Next, said Dr Clare, “break the mirror – stop thinking about yourself”. That’s tough to do right now, when every time I cough I suddenly think ‘This could be the beginning of the end’. But it’s essential. Carl Jung, the founder of analytical psychology, observed that his least-happy patients were always the most self-absorbed, and the most happy were those most interested in other people and the world around them. Look up and out, not down and in.

My psychiatrist friend’s third rule was “don’t resist change”. Fighting change does not make it go away, it simply makes it feel more oppressive. I am telling my Luddite near-contemporaries (especially those in their late-seventies and eighties) who have resisted the new technology until now, that they need to embrace their laptop like a late-life love affair.  If I can manage FaceTime, Skype and Zoom, you can, too.

Find things you enjoy

“Cultivate a passion” was Dr Clare’s next tip for sane survival. My lifelong passion has been words and language – hence the podcast which I co-host with Susie Dent, the lexicographer from Countdown; hence the 20-second poems I am busy putting out on Twitter and Instagram every day (dressed in one of the novelty jumpers I used to wear on TV in the 1970s and 1980s); hence the fact that I have decided to unearth a DVD or online production of each of Shakespeare’s 37 plays and watch it as a Sunday afternoon treat. At one a week, that will keep me going until Christmas.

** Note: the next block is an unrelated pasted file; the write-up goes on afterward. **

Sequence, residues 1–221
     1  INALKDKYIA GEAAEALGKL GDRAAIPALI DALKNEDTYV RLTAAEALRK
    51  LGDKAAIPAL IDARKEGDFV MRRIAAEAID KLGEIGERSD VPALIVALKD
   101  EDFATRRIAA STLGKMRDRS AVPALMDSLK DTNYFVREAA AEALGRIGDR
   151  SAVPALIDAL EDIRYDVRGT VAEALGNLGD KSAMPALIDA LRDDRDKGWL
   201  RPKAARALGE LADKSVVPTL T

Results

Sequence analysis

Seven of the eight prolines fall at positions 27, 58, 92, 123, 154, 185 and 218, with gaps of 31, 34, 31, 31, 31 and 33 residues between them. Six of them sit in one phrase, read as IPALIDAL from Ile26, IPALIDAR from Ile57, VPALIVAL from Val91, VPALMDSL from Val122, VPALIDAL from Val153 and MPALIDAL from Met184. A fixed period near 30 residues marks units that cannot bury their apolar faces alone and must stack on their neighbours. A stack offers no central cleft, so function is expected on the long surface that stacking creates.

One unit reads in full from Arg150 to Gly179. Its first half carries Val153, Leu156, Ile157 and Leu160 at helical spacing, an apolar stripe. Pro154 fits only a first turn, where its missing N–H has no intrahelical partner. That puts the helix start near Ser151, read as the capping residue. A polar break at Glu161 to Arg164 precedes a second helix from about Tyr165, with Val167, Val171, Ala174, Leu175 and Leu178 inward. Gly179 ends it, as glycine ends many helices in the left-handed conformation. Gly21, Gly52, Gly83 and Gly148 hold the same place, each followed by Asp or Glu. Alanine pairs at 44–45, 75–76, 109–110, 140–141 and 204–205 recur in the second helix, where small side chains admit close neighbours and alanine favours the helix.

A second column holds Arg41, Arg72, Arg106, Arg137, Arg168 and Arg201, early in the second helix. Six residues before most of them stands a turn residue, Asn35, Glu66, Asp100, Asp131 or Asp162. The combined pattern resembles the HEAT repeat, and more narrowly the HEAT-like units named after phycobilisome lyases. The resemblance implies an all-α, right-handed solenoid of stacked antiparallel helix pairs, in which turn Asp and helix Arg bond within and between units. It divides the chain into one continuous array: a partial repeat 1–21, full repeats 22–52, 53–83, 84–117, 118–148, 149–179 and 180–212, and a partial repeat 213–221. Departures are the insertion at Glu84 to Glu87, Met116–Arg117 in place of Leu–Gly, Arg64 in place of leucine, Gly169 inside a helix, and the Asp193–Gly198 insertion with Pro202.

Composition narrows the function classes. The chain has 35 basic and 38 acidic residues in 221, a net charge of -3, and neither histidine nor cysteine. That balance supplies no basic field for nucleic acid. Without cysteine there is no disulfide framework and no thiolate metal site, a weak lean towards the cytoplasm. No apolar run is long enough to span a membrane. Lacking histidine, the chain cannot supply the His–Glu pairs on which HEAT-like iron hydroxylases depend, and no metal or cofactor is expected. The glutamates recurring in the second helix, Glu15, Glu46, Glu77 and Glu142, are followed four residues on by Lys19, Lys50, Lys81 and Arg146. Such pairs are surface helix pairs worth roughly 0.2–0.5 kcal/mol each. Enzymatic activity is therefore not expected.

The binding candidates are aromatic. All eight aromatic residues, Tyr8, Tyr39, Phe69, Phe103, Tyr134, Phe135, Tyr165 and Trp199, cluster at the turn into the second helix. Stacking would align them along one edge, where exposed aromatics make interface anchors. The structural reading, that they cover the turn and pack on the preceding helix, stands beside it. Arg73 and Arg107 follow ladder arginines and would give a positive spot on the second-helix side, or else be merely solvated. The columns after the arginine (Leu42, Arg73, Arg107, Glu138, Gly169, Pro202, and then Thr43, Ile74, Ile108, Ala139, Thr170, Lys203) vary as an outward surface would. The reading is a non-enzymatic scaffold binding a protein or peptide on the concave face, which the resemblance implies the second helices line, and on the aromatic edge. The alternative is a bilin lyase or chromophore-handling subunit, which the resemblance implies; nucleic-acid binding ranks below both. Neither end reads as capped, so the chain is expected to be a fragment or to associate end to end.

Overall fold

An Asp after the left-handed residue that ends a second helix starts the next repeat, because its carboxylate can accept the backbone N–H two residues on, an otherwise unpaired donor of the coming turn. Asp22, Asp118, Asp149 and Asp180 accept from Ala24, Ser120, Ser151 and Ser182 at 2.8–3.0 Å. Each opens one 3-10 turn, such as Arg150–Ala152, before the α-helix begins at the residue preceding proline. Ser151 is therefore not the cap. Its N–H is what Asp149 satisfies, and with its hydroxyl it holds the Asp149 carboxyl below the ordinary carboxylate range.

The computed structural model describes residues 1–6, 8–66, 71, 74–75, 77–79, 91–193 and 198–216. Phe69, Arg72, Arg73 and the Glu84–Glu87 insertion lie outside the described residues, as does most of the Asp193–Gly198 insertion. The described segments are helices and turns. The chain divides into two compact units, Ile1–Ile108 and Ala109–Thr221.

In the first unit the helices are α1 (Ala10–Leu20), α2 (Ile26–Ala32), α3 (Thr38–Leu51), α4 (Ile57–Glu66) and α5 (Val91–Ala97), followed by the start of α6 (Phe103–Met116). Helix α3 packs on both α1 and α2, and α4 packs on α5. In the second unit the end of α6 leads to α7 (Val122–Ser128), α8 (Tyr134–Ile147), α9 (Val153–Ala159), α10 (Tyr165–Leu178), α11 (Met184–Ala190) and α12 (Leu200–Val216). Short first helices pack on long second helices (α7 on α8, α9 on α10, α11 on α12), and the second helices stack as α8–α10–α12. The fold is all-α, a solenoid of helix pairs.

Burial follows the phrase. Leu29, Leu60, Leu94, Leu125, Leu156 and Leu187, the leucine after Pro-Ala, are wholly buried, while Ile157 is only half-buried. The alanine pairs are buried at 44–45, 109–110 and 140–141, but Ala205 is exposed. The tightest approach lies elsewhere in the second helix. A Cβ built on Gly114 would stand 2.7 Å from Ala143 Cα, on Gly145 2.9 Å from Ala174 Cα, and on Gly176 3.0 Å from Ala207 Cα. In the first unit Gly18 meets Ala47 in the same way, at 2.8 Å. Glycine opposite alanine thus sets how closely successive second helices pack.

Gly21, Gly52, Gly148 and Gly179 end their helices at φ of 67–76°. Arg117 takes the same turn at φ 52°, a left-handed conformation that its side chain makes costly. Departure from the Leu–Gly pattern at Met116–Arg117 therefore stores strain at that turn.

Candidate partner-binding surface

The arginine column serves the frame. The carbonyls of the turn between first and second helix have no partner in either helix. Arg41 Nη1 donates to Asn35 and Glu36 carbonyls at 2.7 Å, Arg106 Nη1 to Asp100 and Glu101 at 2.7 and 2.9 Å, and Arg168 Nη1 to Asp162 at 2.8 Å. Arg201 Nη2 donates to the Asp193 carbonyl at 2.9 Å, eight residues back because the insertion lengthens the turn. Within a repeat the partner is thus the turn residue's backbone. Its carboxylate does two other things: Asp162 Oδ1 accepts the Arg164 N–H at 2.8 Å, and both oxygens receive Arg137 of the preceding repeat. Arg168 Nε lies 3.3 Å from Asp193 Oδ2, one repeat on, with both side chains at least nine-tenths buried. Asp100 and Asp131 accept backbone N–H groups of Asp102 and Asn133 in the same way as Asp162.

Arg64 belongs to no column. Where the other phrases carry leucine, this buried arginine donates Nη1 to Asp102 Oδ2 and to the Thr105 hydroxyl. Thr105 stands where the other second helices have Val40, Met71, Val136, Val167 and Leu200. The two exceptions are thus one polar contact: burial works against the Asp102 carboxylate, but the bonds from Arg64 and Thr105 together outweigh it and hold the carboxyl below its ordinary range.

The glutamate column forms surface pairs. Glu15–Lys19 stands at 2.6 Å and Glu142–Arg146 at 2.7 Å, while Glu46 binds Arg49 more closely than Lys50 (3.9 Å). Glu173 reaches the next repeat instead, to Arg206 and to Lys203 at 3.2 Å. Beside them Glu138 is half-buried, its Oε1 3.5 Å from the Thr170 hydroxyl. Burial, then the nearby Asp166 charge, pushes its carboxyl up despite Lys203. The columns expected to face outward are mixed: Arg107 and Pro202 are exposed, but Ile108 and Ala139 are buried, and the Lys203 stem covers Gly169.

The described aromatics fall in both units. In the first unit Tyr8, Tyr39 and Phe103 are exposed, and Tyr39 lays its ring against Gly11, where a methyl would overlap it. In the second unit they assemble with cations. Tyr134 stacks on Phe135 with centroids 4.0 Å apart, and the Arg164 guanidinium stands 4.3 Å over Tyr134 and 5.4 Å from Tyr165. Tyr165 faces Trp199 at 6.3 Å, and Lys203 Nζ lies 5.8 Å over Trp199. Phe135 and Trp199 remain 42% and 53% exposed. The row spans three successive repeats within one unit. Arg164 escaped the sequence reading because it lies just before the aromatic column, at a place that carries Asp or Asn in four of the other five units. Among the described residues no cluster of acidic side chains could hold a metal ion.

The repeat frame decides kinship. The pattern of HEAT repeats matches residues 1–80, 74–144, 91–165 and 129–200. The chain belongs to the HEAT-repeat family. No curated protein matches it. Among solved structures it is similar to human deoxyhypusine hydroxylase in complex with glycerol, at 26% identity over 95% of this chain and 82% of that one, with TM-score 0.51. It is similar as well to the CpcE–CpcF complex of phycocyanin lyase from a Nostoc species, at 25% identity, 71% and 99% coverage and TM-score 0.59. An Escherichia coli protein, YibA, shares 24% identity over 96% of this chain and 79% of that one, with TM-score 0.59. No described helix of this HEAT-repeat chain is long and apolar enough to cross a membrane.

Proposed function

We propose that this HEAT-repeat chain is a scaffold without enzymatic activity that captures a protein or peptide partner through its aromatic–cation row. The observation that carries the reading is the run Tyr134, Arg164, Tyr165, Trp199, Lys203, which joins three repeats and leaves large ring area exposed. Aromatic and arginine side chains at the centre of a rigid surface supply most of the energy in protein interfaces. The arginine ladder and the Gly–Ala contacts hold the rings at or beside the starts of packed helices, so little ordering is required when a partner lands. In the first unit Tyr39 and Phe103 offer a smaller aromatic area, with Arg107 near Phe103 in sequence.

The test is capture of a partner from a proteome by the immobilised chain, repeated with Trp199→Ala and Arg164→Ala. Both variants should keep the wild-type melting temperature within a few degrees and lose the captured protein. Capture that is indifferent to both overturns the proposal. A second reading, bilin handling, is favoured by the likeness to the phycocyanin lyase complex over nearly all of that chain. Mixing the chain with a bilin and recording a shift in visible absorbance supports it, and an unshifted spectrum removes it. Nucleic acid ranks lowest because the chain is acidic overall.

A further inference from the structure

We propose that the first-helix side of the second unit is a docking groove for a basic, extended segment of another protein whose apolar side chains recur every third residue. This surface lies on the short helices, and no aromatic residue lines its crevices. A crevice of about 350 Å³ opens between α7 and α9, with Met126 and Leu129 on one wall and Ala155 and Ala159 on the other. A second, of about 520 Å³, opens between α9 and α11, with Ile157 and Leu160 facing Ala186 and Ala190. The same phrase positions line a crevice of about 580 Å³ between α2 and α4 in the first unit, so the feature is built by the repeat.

What’s your passion? From painting to gardening, Prince Charles has several. He is blessed. Without a passion to sustain you, as Dr Clare told me, “you’re lost.”